Personification a type of figurative language that gives human qualities and characteristics to non-human objects, concepts or ideas. When we personify a non-human we make it more "person-like."
Let's compare two sentences, the first one doesn't use personification and the second one does.
Sentence 1: No Personification
"The wind blew the leaves off the tree."
Sentence 2: Using Personification
"The brutal wind bullied the tree into giving up its leaves."
In this example wind is being personified.
In the above example it is the brutal wind that bullied the tree. These are very human descriptions...brutal is a descriptive adjective and bullied is a very descriptive action verb.
Teaching tip: The best way to help students recognize the use of personification in text is to directly teach them to pay particularly close attention to adjectives and verbs.
Why do writers use personification?
In the above example, the first sentence is very straightforward. It is also a very hum-drum, rather boring sentence. The second sentence using personification really captures the feeling of what is happening and creates much stronger visual imagery. The wind is not a gentle, easy breezy one. It is a bully that is taking the tree's leaves by force. This is why figurative language is so incredibly powerful. It can convey a lot quickly and do it in a much more interesting way.
Recognizing personification must come before students can start incorporating it into their own writing. Introduce personification with targeted illustrated examples such as those in the Personification Picture Pack.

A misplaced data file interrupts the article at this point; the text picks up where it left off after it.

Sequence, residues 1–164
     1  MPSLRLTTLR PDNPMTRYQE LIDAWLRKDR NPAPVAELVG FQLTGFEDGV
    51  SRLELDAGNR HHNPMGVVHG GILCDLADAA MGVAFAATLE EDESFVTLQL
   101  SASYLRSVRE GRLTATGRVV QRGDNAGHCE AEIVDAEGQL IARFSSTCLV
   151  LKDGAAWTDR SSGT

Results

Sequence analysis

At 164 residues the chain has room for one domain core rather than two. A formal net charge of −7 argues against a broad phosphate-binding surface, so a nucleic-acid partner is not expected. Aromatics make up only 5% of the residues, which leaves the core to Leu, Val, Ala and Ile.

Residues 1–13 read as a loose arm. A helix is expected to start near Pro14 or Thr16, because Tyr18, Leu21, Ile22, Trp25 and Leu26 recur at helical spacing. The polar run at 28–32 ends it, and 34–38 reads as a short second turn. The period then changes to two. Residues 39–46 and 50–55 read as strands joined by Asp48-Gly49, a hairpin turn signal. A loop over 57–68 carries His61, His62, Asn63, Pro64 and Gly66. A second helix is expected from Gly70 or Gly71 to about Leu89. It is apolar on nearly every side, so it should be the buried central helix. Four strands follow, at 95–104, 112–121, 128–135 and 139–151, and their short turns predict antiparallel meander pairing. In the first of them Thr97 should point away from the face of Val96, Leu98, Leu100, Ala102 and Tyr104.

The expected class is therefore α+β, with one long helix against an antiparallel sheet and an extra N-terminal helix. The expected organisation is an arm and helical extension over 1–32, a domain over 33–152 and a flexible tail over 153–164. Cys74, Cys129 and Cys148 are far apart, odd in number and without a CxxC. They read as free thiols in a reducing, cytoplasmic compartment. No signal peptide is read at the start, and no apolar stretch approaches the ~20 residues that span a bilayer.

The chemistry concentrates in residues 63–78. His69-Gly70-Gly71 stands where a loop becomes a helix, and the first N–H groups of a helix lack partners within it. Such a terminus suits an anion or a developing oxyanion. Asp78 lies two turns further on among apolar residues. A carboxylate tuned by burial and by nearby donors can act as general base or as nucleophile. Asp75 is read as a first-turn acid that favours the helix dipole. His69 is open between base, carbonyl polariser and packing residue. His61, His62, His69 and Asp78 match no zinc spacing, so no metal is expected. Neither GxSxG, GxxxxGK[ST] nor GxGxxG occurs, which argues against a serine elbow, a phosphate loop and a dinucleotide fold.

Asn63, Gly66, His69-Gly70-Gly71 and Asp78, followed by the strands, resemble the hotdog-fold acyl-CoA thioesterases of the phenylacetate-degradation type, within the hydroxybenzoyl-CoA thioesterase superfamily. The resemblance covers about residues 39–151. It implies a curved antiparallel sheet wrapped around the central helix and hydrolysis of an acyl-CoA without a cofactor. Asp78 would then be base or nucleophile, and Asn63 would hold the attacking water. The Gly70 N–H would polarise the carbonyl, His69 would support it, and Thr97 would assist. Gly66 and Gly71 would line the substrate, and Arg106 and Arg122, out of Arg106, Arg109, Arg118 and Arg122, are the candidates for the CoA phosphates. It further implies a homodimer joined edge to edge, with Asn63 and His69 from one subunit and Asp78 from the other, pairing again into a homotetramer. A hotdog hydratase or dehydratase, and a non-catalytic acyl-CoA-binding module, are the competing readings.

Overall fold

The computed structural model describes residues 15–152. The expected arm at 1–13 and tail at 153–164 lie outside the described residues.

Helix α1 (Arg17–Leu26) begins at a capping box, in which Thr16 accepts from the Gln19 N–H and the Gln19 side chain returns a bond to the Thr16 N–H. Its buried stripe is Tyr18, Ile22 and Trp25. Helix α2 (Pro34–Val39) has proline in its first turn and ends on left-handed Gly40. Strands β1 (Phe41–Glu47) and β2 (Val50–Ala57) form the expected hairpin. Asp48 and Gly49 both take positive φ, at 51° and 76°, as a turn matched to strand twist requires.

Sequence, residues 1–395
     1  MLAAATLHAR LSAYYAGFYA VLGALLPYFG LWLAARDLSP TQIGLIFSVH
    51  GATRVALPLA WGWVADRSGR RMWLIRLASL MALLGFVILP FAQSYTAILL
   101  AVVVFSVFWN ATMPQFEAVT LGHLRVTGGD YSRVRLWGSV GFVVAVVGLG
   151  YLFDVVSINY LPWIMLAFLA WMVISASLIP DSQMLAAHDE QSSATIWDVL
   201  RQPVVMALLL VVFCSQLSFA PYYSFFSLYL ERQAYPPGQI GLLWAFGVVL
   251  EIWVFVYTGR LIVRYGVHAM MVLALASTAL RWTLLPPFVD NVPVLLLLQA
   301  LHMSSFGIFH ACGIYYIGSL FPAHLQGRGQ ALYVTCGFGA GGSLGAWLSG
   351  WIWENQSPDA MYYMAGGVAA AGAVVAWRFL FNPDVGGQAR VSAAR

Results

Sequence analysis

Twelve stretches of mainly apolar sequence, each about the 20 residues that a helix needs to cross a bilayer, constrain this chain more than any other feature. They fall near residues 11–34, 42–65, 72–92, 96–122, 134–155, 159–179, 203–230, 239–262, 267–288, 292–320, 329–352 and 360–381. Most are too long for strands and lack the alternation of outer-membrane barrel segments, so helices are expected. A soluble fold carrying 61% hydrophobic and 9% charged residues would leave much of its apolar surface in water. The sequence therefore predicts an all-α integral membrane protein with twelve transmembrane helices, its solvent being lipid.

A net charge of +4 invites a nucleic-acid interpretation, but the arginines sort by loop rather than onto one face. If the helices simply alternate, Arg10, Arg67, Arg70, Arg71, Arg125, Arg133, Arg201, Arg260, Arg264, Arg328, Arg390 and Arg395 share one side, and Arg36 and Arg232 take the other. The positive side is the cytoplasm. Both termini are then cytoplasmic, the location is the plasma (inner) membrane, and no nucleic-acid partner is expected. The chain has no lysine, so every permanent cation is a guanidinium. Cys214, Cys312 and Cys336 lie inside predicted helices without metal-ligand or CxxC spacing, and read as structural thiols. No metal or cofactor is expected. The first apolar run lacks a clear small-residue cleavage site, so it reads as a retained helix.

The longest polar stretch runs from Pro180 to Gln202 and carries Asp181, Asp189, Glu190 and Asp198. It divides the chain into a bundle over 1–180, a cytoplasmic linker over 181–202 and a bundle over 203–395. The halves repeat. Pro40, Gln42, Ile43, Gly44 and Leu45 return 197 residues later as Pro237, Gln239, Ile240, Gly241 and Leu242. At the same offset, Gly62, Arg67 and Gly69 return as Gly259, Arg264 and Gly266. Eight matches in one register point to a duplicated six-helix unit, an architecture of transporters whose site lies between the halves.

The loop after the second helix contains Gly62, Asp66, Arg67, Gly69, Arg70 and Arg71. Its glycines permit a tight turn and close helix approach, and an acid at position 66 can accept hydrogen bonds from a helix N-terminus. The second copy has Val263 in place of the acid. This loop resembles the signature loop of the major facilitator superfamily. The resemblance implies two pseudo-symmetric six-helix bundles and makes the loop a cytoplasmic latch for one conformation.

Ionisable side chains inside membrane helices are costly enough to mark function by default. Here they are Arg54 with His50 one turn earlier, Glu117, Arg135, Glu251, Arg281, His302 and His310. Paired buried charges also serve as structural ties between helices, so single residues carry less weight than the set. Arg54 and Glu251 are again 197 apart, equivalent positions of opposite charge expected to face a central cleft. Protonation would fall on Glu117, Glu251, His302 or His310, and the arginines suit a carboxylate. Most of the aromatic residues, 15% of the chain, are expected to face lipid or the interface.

Once students have a much better understanding of the concept, then it's good to show personification in context. Again, poetry is a great teaching text because many poems are generally short. I have compiled a collection of short exemplar poems with photographic picture support specifically for teaching personification. Here are just a few of the poems from Mentor Poems for Teaching Personification:
Across the narrow beach we flit,
One little sandpiper and I;
And fast I gather, bit by bit,
The scattered driftwood, bleached and dry.
The wild waves reach their hands for it,
The wild wind raves, the tide runs high,
As up and down the beach we flit--
One little sandpiper and I.
Death went up the hall
Unseen by every one,
Trailing twilight robes
Past the nurse and the nun.
He paused at every door
And listened to the breath
Of those who did not know
How near they were to Death.
Death went up the hall
Unseen by nurse and nun;
He passed by many a door
But he entered one.
The old bridge has a wrinkled face.
He bends his back
For us to go over.
He moans and weeps
But we do not hear.
Sorrow stands in his face
For the heavy weight and worry
Of people passing.
The trees drop their leaves into the water;
The sky nods to him.
The leaves float down like small ships
On the blue surface
Which is the sky.
He is not always sad:
He smiles to see the ships go down
And the little children
Playing on the river banks.
The fog comes
on little cat feet.
It sits looking
over harbor and city
on silent haunches
and then moves on.
The Sun courted Water,
Earth’s loveliest daughter,
And strove to abduct her in vain:
For, when he had caught her,
And to the clouds brought her,
Home she came running in rain.
-John B. Tabb